If you watched a video of how you relate to people in a typical week, what would you see? A G-rated family flick? Or more like a movie you wouldn’t want your kids to see?

 

Maybe you’d feel relieved by how you related to those around you. But if you’re like most of us, you might discover things about yourself that you wish weren’t true. You may have known you have a problem, but perhaps you didn’t realize how bad a problem it was.

 

Rude behavior runs contrary to what 1 Corinthians 13 teaches. As people who desire to love as Christ loves us, this week we’ll look at 1 Corinthians 13:5 and discuss how rudeness affects our relationships, and, thereby, our lives.

 

In its entirety, 1 Corinthians 13:5 (ESV) reads “[Love is not] rude. It does not insist on its own way; it is not irritable or resentful.”

 

Our rudeness can undermine relationships at work, in our community, in our churches – and, most often, in our homes. Just as the temperature drops when a cold front moves into our area, so does the warmth of our relationship – dropping degree by degree – when rudeness freezes out warmth. If we want to rekindle the flames, we must stop excusing our offensive behavior.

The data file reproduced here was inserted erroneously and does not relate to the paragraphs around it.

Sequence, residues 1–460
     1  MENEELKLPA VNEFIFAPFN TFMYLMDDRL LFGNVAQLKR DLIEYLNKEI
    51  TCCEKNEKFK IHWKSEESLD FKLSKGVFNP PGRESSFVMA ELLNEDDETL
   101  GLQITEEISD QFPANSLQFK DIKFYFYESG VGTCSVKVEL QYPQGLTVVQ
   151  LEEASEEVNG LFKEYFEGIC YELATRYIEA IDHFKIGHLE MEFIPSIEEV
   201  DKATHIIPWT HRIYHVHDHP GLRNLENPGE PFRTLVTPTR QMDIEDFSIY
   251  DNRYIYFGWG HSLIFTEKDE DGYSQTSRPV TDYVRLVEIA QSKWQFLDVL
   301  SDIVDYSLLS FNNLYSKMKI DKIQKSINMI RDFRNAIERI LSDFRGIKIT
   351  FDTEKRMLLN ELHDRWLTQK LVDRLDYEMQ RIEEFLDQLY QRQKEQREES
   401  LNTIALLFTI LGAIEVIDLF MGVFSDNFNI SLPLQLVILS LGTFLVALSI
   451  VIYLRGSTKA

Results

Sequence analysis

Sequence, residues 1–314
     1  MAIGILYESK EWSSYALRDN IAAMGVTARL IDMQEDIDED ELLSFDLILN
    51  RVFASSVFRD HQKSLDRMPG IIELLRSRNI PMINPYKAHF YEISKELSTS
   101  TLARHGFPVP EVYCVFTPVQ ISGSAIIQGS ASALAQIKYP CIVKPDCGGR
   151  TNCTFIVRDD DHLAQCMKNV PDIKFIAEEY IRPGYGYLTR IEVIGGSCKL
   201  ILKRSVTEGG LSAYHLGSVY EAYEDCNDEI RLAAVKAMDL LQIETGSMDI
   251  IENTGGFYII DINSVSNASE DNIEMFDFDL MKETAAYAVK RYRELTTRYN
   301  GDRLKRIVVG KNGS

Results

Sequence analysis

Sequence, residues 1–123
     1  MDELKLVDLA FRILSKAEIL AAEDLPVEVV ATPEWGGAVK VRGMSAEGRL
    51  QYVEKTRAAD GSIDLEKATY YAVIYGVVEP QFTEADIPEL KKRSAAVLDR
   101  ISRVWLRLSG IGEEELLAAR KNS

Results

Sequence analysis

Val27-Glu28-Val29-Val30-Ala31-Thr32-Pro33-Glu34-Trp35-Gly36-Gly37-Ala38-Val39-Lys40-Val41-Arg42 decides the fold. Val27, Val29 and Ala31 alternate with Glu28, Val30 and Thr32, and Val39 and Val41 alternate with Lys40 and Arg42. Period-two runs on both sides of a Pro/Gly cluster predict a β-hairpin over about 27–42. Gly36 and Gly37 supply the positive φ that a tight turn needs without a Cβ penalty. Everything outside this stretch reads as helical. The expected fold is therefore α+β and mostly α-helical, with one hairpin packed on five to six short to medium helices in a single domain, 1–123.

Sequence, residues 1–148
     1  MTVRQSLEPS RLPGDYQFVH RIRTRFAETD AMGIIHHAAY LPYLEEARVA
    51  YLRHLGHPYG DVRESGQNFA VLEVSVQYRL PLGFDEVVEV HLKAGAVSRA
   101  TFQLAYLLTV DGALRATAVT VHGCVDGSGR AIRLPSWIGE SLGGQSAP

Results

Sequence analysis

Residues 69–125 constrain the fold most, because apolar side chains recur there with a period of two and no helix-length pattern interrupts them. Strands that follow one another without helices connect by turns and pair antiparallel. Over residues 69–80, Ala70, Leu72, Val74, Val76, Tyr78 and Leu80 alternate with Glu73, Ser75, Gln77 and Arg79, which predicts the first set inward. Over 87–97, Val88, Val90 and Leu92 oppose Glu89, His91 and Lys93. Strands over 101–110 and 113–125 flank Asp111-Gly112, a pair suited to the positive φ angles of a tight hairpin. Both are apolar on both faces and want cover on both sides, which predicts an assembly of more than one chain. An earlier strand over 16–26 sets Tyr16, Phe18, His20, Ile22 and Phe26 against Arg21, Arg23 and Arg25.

What would happen if we gave God permission to show us each time we interrupted someone because we felt like our words were more worthy? Each time we seized the remote because our viewing choices seemed better than our spouse’s? Each time we didn’t take the time to listen to our coworkers because we don’t agree with their politics?

 

Rudeness can be hard to overcome. Especially when it’s ingrained in our personalities. But as we confess it as sin and ask God to help us change, we’ll move in the right direction.

 

Even when we don’t do it perfectly, we can celebrate the times we do get it right. Rather than becoming discouraged when we mess up, let’s repent to God and to the person we’ve treated rudely. Then vow to begin again. Every time. Even if that means every hour or every five minutes.

 

The more we take control of our rudeness, the nicer we’ll become – and this will not only make for a family-friendly recording but it’ll also allow others to see our Savior at work in us.

 

Sheryl H. Boldt is the author of the blog, www.TodayCanBeDifferent.net. You can reach her at SherylHBoldt@gmail.com.